How to Perform a Content Audit

As Google’s search algorithm continues to become more advanced in understanding the nuances of content, it’s imperative that, as website owners, you deliver the best quality content to searchers.

Too often, content is created as a once-off task and it’s never reviewed periodically for accuracy and freshness. Site owners are often concerned about deleting existing content that is bringing in traffic, so, as SEOs, we’re often faced with a situation where aging & poor content has never been reviewed or updated.

In this article, I’ll discuss how a well-structured content audit can provide valuable insights to your content marketing and SEO endeavours and their success.

What is a content audit?

A content audit is a process of reviewing the existing content on your website and evaluating it’s freshness, relevancy, quality and impact, against a specific set of metrics.

Why perform a content audit?

A content audit serves a couple of primary benefits:

Content Marketing

Through the audit process, we learn which content marketing topics have resonated well with our readers, which have been responsible for bringing in the most traffic, which enables us to create similar content in the future, but for other relevant, high value topics.


Content loses it’s value over time, as search engines are designed to find the most accurate and relevant content for their users. As a result, fresh content is prioritised over aging content and by updating content through one of the many reoccurring SEO tasks, we send signals to the search engine that this content has value and we are updating it to provide the most up-to-date, accurate experience for our users.

 In fact, many searchers explicitly search for fresh content themselves:

By pruning outdated/irrelevant content, we also increase the site’s “crawl budget”, meaning as we have fewer pages on the website, Google is able to crawl them for changes on a more regular basis.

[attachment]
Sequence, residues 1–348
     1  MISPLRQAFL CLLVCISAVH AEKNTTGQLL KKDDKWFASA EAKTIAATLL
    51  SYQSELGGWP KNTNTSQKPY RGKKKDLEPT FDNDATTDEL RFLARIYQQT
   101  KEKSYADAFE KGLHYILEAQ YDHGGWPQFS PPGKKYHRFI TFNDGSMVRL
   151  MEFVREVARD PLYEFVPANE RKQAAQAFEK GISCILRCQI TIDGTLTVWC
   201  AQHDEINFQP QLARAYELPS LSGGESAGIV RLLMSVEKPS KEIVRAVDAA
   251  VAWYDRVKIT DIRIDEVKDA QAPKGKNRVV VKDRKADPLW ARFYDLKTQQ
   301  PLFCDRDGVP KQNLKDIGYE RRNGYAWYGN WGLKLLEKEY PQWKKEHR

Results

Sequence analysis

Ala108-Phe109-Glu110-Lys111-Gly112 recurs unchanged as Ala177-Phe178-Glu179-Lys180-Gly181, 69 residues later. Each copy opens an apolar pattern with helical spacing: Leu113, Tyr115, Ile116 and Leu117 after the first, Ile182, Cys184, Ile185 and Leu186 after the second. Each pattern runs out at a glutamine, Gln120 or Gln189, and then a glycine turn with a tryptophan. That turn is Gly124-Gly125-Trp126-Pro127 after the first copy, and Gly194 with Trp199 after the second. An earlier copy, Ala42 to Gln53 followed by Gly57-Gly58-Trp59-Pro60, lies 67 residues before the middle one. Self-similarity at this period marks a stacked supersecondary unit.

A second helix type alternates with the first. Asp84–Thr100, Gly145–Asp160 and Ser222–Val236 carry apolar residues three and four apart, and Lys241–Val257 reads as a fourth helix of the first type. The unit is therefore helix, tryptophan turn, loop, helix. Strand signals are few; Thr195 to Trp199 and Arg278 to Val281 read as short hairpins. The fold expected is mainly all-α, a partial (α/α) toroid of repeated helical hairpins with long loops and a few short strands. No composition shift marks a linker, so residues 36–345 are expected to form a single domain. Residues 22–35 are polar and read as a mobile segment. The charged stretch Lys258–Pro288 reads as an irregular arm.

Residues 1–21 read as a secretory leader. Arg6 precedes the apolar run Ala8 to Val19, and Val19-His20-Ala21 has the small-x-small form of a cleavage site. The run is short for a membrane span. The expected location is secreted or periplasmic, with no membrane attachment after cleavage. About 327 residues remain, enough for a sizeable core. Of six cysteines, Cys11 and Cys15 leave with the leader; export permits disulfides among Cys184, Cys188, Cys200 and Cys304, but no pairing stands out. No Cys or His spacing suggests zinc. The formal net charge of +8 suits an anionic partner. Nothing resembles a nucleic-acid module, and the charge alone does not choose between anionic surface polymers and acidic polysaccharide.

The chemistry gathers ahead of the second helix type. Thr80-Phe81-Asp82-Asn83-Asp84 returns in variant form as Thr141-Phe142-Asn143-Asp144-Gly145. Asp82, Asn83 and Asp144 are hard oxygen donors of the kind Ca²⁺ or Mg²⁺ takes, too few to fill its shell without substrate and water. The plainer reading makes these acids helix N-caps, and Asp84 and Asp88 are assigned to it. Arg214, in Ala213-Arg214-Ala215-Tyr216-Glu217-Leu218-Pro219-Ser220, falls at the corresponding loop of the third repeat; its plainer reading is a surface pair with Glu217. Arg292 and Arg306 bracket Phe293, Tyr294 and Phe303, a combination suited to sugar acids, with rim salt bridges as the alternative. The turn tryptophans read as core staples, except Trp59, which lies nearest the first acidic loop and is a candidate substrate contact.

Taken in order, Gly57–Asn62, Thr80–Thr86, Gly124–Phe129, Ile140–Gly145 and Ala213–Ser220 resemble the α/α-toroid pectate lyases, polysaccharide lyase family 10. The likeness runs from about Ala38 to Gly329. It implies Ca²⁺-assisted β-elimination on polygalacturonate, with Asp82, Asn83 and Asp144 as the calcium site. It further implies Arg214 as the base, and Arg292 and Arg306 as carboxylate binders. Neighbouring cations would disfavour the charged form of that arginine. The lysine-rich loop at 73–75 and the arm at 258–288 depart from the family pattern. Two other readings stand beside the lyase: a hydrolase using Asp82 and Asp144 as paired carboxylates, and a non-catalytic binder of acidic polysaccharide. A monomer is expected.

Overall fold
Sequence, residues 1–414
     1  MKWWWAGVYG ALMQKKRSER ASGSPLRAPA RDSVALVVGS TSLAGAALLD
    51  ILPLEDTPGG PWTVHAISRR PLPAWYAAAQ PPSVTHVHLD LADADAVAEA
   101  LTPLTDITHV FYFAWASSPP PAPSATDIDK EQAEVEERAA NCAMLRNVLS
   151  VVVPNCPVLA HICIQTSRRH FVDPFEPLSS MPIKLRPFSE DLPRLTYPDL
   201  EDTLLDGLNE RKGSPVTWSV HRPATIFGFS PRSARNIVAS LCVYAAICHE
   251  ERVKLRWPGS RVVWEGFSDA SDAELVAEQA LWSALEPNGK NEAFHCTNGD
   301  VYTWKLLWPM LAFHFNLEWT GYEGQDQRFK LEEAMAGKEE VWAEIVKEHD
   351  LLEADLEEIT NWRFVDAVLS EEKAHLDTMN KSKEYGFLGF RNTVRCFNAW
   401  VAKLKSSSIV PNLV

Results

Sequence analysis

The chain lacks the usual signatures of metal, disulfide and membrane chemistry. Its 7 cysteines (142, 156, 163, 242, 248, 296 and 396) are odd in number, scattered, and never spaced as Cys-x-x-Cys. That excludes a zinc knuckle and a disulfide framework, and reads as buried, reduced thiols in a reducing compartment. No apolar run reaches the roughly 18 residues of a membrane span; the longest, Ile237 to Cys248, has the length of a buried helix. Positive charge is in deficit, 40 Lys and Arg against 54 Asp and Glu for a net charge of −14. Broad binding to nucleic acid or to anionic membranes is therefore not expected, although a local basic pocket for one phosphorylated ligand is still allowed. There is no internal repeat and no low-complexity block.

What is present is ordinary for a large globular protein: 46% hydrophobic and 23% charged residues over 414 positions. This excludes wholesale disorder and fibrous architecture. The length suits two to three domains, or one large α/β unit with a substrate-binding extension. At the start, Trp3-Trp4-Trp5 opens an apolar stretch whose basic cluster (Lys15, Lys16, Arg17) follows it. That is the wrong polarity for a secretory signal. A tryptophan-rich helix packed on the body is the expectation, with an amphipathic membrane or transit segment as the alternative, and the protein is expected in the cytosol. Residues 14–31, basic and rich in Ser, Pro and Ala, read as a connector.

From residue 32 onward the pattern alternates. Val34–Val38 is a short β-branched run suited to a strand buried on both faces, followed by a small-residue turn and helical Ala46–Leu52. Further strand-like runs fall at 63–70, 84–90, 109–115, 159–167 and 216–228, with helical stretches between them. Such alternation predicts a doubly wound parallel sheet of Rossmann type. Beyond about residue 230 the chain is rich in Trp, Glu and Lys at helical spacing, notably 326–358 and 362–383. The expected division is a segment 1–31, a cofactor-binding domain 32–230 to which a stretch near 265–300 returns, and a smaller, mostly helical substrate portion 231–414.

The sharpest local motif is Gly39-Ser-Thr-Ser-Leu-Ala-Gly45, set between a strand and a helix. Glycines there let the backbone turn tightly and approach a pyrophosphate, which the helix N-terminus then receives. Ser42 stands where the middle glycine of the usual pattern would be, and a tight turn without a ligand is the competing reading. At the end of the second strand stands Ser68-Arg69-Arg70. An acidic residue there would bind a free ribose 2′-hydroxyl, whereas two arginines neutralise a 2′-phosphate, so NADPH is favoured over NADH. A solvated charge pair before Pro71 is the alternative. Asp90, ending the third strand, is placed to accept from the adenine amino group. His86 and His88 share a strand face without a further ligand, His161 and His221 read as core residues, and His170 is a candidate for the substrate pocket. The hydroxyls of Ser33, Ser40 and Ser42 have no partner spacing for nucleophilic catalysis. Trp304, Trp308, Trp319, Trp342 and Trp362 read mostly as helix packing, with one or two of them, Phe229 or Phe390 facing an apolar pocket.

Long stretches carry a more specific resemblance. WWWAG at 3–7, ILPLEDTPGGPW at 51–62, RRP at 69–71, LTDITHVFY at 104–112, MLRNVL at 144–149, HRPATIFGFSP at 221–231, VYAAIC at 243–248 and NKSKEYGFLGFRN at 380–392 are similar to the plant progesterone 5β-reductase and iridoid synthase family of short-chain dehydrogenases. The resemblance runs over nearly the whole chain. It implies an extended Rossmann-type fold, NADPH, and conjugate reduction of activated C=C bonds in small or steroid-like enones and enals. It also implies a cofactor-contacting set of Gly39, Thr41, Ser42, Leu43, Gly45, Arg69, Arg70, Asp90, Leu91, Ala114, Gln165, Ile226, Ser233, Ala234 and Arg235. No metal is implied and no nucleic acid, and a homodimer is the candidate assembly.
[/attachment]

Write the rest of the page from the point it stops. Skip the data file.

What content audit metrics should you choose?

When performing an audit, there are two sets of metrics I recommend. To be fair, I’ve heavily leveraged the metrics used by SEMRush’s excellent content audit module.

content analytics

1) Determine which pieces of content should be updated or deleted:

For this aspect of the content review, we’re looking to identify content that is of relative quality, but is either outdated, or not performing in terms of traffic for various reasons. The criteria used:

  1. Last update > 24 months
  2. > 200 words
  3. < 20 page views/mth
  4. No backlinks (any pages with backlinks need to be closely evaluated)

How often should you perform a content audit?

It depends on the size of the website. For large sites, with many hundreds or thousands of pages, I’d recommend a quarterly audit. For smaller sites, biannually will be sufficient.

Should all content be updated/deleted?

No. There are a few types of content that (assuming they are still relevant) either should be left alone, updated to mention they have been reviewed, or de-indexed in Google

Press releases

Press releases are static and often used to highlight milestones in a business (such as new product launches and time in business). Many businesses like to keep press releases on their websites for credibility and this content should probably stay visible, but be no-indexed in Google after a couple of years.


Interviews are also static, and assuming topics discussed in the interview are still relevant, interviews should probably be updated to mention their review date for accuracy. If they are not bringing in significant organic traffic, they can also be de-indexed after a couple of years.

2) Poor content

These are defined as pages with < 200 words.

Any pages that are so lean in terms of content are typically not indexed by search engines anyway, as it’s extremely difficult to demonstrate value through content with so few words.

Author pages

Author pages can be a bit tricky, and depend on how many articles have been written by each author, but I’d usually recommend to no-index author pages, as they serve very little value for the end user and search engines.

Thank you pages

Thank you pages are typically presented after submitting a contact form or newsletter signup. These pages serve no value for the search engines, so i’d No index these pages.

These lists can be never-ending, but above I’ve listed the most common content types I’ve come across that fit the definition of poor content.


Performing a content audit on your website a few times per year is essential. You’ll be providing your users updated, relevant and timely content that will more fully meet their needs. As a result, search engines should reward your website with higher rankings and increased traffic.

Looking for help with SEO or Content Marketing? contact us!


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